The University of Toronto is receiving more cash from international students than the provincial government.
According to a report from The Varsity, the school’s international student population ten years ago was about 10% of enrolment. At the time, non-citizens were not allowed to serve on the Governing Council — which is the school’s “most powerful administrative body.
The Varsity reports that by 2015, that was amended, and two years later, international students accounted for 22% of the University’s student body.
And today, international students make up 30% of the university’s revenue, which equates to $928.61 million. This is way more than the 25% and 24% that provincial grants and domestic tuition provide respectively.
Money from international students makes up 30 per cent — $928.61 million — of the university’s revenue. https://t.co/UTIWkI2BLx
— The Varsity (@TheVarsity) February 25, 2019
The Varsity adds that since 2007, the school’s operating budget increased by 89%, corresponding with the rise of international students at the university.
And as the school expanded, “international students have become U of T’s only consistently growing source of revenue,” says the Varsity.
The report says that Chinese international students made up about 65% of the international undergraduate student population in 2018.
And with the increase in international students, tuition for the foreign students continues to rise across post-secondary institutions in Canada.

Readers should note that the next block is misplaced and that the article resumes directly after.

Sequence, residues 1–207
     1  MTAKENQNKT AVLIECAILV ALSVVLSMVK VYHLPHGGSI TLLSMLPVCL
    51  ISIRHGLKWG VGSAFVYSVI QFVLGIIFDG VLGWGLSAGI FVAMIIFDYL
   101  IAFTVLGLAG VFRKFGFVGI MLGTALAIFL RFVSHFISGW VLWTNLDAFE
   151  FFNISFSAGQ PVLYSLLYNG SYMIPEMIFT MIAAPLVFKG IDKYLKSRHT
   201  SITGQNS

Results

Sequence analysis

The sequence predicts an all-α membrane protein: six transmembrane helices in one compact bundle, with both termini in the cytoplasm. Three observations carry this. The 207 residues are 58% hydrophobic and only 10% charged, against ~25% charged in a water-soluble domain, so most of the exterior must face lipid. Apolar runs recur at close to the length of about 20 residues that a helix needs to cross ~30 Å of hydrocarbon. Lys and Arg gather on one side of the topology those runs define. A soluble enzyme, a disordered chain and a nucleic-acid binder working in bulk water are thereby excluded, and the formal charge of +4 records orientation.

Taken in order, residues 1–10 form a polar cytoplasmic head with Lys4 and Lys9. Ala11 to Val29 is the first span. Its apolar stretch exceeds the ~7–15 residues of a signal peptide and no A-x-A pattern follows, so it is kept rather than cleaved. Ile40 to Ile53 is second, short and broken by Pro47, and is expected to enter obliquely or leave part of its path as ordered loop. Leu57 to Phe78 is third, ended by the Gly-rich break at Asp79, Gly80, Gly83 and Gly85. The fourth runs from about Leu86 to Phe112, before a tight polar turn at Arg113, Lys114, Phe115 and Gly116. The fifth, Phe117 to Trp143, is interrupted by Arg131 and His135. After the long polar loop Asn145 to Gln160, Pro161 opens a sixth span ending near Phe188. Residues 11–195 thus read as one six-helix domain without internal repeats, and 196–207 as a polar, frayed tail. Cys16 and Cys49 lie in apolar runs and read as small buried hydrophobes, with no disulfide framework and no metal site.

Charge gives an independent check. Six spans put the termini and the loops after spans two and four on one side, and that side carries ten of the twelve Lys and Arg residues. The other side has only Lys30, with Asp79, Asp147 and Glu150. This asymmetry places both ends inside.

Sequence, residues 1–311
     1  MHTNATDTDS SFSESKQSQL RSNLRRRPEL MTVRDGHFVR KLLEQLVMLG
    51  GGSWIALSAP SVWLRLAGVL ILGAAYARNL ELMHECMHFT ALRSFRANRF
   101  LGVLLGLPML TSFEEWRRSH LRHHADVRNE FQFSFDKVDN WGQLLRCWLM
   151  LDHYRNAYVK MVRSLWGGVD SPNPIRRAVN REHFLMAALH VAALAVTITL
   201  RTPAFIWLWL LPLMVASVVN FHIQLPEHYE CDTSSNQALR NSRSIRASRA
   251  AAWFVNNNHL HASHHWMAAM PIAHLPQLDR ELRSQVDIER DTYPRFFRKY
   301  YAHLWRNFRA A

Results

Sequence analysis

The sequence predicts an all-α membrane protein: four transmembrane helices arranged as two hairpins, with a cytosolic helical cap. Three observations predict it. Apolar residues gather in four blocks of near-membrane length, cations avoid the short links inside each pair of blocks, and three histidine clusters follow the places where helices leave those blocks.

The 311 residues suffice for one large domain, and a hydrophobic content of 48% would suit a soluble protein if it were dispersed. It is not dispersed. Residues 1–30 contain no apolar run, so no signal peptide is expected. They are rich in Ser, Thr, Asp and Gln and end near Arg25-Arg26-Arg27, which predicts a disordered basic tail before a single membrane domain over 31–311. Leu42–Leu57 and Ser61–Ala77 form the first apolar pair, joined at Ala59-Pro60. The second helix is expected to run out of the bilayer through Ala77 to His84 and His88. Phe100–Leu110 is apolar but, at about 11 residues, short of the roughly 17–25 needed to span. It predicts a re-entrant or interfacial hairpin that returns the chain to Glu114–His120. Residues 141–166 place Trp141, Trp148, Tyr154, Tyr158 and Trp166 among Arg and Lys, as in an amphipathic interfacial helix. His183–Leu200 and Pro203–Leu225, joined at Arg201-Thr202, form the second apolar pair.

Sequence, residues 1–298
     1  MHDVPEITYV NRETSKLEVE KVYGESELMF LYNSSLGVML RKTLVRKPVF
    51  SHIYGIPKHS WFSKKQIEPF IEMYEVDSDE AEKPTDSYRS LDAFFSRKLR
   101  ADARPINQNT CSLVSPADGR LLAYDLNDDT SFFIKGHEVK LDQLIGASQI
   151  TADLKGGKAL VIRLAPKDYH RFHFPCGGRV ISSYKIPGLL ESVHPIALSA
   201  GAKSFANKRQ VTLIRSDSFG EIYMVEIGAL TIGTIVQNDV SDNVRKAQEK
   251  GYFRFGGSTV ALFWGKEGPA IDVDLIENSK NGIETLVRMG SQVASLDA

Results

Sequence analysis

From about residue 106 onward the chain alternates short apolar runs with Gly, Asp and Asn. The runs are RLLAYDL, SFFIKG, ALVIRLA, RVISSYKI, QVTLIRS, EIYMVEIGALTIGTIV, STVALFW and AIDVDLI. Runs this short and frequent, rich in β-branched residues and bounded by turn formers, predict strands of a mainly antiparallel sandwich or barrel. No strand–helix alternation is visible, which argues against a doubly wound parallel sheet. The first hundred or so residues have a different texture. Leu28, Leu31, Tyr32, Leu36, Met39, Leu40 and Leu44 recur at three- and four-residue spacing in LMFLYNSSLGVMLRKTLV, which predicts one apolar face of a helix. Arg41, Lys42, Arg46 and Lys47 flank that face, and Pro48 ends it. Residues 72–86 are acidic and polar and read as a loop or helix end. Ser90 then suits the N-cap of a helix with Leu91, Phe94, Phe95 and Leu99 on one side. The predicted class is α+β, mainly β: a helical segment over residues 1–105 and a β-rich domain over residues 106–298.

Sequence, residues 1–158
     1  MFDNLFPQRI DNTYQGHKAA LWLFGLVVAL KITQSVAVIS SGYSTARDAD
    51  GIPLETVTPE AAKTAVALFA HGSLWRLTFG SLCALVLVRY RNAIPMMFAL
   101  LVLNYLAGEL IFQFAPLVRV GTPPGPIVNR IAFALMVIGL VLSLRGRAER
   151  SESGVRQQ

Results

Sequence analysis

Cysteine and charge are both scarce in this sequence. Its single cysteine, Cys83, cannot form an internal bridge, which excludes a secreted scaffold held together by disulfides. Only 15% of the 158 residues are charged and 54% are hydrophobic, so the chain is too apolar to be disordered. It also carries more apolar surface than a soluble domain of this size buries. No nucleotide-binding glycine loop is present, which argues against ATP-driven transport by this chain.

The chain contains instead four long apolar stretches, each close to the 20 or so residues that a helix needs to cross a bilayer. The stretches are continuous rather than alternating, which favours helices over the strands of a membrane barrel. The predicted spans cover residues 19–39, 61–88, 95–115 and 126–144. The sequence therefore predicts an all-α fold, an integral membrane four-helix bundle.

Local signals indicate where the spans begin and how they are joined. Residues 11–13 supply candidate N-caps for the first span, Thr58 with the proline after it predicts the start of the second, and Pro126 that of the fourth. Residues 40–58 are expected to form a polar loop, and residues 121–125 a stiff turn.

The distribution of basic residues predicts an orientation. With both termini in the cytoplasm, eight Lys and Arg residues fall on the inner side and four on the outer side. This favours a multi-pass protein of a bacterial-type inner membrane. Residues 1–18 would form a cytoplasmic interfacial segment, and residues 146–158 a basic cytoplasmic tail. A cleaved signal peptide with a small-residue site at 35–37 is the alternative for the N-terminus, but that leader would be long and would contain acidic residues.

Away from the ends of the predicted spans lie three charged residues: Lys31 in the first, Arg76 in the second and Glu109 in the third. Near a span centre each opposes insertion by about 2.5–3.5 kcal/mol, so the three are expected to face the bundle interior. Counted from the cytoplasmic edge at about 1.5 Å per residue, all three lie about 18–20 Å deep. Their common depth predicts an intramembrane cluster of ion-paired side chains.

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“When adjusted for inflation, the base domestic Arts & Science tuition at U of T has increased by about $1,000 over 11 years; international students have seen their tuition rise by more than $25,000 — a 127.5% increase — during that time,” say The Varsity.
Meanwhile for citizens, in January, Doug Ford’s government officially cut local tuition by 10%, but OSAP was also heavily affected by the provincial announcement.
In what it was calling the “first ever province-wide tuition reduction,” the province said this cut will make post-secondary education more affordable and accessible for students. The reduction will take place in the 2019-2020 school year, and tuition fees would be frozen for the following year.
In a statement following the announcement, the NDP said that students who need grants and loans to help pay for post-secondary education are now going to get less help and pay more interest, following changes by the Ford government.